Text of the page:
Morning Edition
Morning Edition
Thursday, July 19, 2012

Minnesota Public Radio Stories

  • St. Paul police chief suspends crime lab drug testing
    The news comes after two crime lab workers and the director of the lab said this week that the lab does not follow any written procedures for drug testing and does not document most of the steps they take when testing evidence for illegal drugs.7:20 a.m.
  • Chicago's drug problemLaw enforcement's strategy to choke heroin trafficking
    Police in Duluth await official word whether heroin caused a person's death last weekend. Four others are suspected of overdosing on the drug. It's the latest in a string of heroin-related incidents that law enforcement and public health officials have come across. Officials say they have a strategy at work to cut down on heroin coming into Minnesota.7:25 a.m.
  • ProtestMarriage amendment foes winning money race
    Opponents of a proposed constitutional amendment on marriage have widened their financial lead but supporters say they are confident the amendment will prevail anyway.8:40 a.m.
  • The details determine flood insurance need
    In the wake of the northeast Minnesota floods, MPR's Cathy Wurzer spoke with Dave Szczepanski, president of the Garry Insurance Center, an independent agent in North St. Paul, about how flood insurance works.8:45 a.m.

National Public Radio Stories

  • Tax Professionals Scrutinize Mitt Romney's Returns
    One question involves how the GOP presidential candidate amassed somewhere between $21 million and $102 million in his tax-deferred retirement account. His aggressive stance toward taxes in the business world is also drawing questions.
  • Romney Takes His Obama Attacks To Northwest Ohio
    Republican presidential candidate Mitt Romney spent Wednesday campaigning in Northwestern Ohio, just outside Toledo. Once again, the former Massachusetts governor pressed his "political cronyism" critique against President Obama.
  • Families Sue Over U.S. Deaths In Yemen Drone Strikes
    Civil rights groups and the families of three Americans killed in drone strikes in Yemen filed a lawsuit against top Obama administration officials Wednesday. The suit claims U.S. authorities executed their sons without charge or trial — outside the law and the Constitution.
  • The Cost Of Women's Rights In Northwest Pakistan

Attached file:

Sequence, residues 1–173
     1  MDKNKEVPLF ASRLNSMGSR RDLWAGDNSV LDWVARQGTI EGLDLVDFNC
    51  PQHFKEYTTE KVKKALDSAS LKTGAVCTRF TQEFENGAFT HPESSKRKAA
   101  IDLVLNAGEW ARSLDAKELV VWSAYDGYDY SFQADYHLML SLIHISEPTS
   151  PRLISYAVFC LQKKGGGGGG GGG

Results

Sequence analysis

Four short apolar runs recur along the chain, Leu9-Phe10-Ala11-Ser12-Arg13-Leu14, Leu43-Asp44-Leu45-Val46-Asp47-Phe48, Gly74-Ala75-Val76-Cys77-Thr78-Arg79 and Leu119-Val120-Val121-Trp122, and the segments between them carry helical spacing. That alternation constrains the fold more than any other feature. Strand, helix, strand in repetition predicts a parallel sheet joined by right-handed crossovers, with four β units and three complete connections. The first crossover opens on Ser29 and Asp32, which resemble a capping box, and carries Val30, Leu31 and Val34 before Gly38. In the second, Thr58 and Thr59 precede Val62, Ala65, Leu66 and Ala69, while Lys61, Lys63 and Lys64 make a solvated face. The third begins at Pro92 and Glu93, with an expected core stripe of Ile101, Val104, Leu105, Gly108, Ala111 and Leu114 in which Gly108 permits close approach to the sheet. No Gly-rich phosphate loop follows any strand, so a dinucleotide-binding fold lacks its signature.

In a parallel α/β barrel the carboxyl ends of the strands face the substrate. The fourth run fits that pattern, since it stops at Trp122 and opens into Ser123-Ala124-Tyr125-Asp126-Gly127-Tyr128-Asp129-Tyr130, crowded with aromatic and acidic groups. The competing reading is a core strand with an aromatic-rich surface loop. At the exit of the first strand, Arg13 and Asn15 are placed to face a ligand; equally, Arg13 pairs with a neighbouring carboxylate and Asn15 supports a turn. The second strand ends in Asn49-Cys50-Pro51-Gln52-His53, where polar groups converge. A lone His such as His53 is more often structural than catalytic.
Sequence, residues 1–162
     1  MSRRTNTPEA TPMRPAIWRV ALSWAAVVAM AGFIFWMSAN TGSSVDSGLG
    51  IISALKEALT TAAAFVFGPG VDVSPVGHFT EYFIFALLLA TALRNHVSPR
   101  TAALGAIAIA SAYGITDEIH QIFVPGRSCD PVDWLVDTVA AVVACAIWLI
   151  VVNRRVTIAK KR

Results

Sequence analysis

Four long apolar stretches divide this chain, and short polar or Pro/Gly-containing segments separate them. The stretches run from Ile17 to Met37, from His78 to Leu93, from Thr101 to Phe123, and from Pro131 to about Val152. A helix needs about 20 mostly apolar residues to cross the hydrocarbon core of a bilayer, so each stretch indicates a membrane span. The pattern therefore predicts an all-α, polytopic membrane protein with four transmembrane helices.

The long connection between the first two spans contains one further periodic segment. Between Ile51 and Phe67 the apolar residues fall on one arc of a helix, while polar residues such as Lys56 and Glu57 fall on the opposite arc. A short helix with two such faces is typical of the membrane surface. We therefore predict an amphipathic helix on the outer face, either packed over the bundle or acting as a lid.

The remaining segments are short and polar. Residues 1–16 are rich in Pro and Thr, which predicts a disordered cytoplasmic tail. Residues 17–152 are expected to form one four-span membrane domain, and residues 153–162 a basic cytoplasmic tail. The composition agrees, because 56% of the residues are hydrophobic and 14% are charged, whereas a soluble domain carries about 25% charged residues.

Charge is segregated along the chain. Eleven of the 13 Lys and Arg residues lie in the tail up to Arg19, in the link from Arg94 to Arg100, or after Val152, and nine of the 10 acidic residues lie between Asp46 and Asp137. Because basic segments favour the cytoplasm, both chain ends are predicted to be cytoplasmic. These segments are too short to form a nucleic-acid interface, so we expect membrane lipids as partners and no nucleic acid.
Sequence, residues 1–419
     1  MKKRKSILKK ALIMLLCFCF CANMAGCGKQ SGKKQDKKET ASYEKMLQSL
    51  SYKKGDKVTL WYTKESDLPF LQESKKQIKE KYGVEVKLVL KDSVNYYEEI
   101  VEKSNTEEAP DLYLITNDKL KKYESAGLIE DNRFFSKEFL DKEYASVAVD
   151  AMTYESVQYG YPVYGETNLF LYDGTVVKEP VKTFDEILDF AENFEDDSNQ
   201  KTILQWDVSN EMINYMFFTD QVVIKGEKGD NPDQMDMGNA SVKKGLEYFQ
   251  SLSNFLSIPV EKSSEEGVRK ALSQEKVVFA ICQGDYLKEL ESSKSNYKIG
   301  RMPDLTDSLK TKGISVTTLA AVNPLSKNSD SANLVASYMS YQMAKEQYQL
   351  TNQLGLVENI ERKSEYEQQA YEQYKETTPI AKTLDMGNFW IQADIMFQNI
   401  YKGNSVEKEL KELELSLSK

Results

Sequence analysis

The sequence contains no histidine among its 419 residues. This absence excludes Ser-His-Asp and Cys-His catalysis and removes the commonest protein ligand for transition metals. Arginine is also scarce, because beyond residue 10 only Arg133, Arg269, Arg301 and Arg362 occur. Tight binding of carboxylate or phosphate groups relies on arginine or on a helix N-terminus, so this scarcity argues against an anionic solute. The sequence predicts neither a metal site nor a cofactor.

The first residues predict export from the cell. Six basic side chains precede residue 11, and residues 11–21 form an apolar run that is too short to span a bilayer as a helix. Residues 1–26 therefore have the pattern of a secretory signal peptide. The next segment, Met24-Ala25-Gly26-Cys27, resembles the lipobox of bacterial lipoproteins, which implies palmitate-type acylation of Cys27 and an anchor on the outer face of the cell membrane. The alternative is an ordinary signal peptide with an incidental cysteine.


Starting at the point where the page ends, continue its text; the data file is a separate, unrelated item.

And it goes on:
Earlier this month, a young woman who ran a women's rights group was shot and killed near Peshawar. She'd been warned several times about her work. Her death isn't the first of its kind in northwest Pakistan. Still, despite the dangers, such work continues.
  • Former Egyptian Vice President Dies In U.S.
    Egypt's former spy chief Omar Suleiman was appointed vice president at the peak of the democracy uprising in January of 2011. The official Middle East News Agency said in a brief report that Suleiman died at a U.S. hospital early Thursday.
  • U.S. Resident Caught Up In Sudan's Protest Movement
    While his pregnant wife is home in Oregon, Rudwan Dawod faces terrorism charges in Sudan after participating in anti-government demonstrations there. He was visiting family in the capital, Khartoum, en route to starting a volunteer project in recently independent South Sudan.
  • Civil Rights Group, SCLC, Strives To Remain Relevant
    The Southern Christian Leadership Conference opens its annual convention Thursday in Sanford, Fla. The civil rights organization was co-founded by Dr. Martin Luther King, Jr. After the civil rights era, some groups didn't stay current, and faded away.
  • Yahoo May Be Marissa Mayer's Biggest Challenge Yet
    Newly named Yahoo CEO Marissa Mayer comes with an impressive track record of achievement. She was one of Google's first employees and its first female engineer. But Yahoo's troubles will present her with new challenges.
  • Capital One Settles Over Vendors' Missteps
    Capital One Bank will pay $210 million to settle federal charges that it tricked credit card customers into buying costly add-on services like payment protection and credit monitoring. The case is the first enforcement action from the new Consumer Financial Protection Bureau.
  • International Interest Rate Scandal Rumbles Forward
    An influential group of bankers comes up with the critical interest rate known as the LIBOR. The world uses it as a benchmark for how much to charge consumers on mortgages and other loans. For more on how the rate is set, Renee Montagne talks to Gillian Tett of the Financial Times.

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